Use cy.route() to manage the behavior of network requests.


cy.route(url, response)
cy.route(method, url)
cy.route(method, url, response)


Correct Usage



url (String, Glob, RegExp)

Listen for a route matching the specific URL.

response (String, Object, Array)

Supply a response body to stub in the matching route.

method (String)

Match the route to a specific method (GET, POST, PUT, etc).

callbackFn (Function)

Listen for a route matching a returned object literal from a callback function. Functions that return a Promise will automatically be awaited.

options (Object)

Pass in an options object to change the default behavior of cy.route(). By default cy.route() inherits its options from cy.server().

delay0Delay for stubbed responses (in ms)
force404falseForcibly send a 404 status when the XHR does not match any existing cy.route().
headersnullResponse headers for stubbed routes
methodGETMethod to match against requests
onAbortnullCallback function which fires anytime an XHR is aborted
onRequestnullCallback function when a request is sent
onResponsenullCallback function when a response is returned
responsenullResponse body when stubbing routes
status200Response status code when stubbing routes
urlnullString or RegExp url to match against request urls

You can also set options for all cy.wait()'s requestTimeout and responseTimeout globally in the Cypress configuration to control how long to wait for the request and response of a supplied route.


  • cy.route() yields null .
  • cy.route() can be aliased, but otherwise cannot be chained further.


Without Stubbing

If you do not pass a response to a route, Cypress will pass the request through without stubbing it. We can still wait for the request to resolve later.

Wait on XHR GET request matching url


Wait on XHR's matching method and url

cy.route('POST', '**/users').as('postUser')

Setup route to POST to login

Wait on url matching glob

Under the hood Cypress uses minimatch to match glob patterns of url.

This means you can take advantage of * and ** glob support. This makes it much easier to route against dynamic segments without having to build up a complex RegExp.

We expose Cypress.minimatch as a function that you can use in your console to test routes.

Match route against any UserId


// https://localhost:7777/users/123/comments     <-- matches
// https://localhost:7777/users/123/comments/465 <-- does not match

Use glob to match all segments


// https://localhost:7777/posts/1            <-- matches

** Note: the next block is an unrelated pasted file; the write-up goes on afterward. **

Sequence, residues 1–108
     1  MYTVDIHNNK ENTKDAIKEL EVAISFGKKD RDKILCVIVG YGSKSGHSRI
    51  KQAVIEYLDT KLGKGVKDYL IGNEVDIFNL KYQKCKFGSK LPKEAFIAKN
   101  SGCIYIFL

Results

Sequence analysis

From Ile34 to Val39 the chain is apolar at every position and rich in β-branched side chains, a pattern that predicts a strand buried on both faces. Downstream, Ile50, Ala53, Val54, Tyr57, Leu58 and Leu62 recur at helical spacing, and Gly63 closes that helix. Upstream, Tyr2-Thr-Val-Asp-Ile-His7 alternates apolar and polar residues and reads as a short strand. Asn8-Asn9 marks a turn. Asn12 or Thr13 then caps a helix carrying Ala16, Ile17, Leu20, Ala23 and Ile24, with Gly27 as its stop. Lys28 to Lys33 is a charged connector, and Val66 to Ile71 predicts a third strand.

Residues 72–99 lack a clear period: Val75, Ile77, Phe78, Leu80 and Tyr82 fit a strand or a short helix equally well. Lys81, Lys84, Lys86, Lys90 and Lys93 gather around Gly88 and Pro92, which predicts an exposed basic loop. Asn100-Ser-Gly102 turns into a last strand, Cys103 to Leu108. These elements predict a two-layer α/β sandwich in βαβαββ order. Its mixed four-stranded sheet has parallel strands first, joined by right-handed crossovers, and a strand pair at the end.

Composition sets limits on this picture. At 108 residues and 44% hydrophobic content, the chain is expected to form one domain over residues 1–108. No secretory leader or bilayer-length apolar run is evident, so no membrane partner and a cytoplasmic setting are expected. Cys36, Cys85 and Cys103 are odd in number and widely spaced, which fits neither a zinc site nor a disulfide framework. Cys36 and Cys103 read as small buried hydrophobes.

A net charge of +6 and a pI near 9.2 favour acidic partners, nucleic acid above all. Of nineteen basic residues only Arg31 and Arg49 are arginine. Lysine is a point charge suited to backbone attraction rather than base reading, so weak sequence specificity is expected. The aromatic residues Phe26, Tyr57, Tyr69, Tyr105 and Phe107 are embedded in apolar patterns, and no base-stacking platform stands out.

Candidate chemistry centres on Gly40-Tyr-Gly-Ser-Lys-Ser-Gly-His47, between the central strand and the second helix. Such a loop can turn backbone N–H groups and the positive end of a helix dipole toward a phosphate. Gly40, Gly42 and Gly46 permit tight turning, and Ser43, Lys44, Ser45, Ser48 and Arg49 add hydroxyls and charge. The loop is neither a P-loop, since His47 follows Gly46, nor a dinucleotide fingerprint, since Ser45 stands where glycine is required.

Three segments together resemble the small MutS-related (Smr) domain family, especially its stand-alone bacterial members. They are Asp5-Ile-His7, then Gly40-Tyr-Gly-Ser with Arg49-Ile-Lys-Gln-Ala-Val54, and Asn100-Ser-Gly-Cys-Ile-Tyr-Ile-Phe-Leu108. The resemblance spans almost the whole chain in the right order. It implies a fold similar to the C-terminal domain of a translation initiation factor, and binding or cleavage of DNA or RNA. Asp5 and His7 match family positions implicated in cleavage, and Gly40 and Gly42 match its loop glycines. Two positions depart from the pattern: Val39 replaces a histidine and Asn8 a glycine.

// https://localhost:7777/posts/foo/bar/baz  <-- matches
// https://localhost:7777/posts/quuz?a=b&1=2 <-- matches

Override url glob matching options

When we check glob patterns with minimatch, by default Cypress uses sets matchBase to true. You can override this option in cy.server() options.

If you want to permanently override these options you could do so by setting Cypress.Server.defaults().

  urlMatchingOptions: { matchBase: false, dot: true }

With Stubbing

If you pass a response to cy.route(), Cypress will stub the response in the request.

url as a string

When passing a string as the url, the XHR's URL must match exactly what you've written. You'll want to use the decoded string and not include any hash encoding (ie. use @ instead of %40).

cy.route('https://localhost:7777/surveys/[email protected]', [
    id: 1,
    name: 'john',

url as a RegExp

When passing a RegExp as the url, the XHR's url will be tested against the regular expression and will apply if it passes.

cy.route(/users\/\d+/, { id: 1, name: 'Phoebe' })
// Application Code
$.get('https://localhost:7777/users/1337', (data) => {
  console.log(data) // => {id: 1, name: "Phoebe"}

Response functions

You can also use a function as a response which enables you to add logic surrounding the response.

Functions that return a Promise will automatically be awaited.

const commentsResponse = (routeData) => {
  //routeData is a reference to the current route's information
  return {
    data: someOtherFunction(routeData),

cy.route('POST', '**/comments', commentsResponse)

Matching requests and routes

Any request that matches the method and url of a route will be responded to based on the configuration of that route.

Specify the method

The below example matches all DELETE requests to "/users" and stubs a response with an empty JSON object.

cy.route('DELETE', '**/users/*', {})

Making multiple requests to the same route

You can test a route multiple times with unique response objects by using aliases and cy.wait(). Each time we use cy.wait() for an alias, Cypress waits for the next nth matching request.

cy.route('/beetles', []).as('getBeetles')

// wait for the first response to finish

// the results should be empty because we
// responded with an empty array first

// now re-define the /beetles response
cy.route('/beetles', [{ name: 'Geotrupidae' }])


// now when we wait for 'getBeetles' again, Cypress will
// automatically know to wait for the 2nd response

// we responded with 1 beetle item so now we should
// have one result
cy.get('#beetle-results').should('have.length', 1)


Instead of writing a response inline you can automatically connect a response with a cy.fixture().

cy.route('**/posts/*', 'fixture:logo.png').as('getLogo')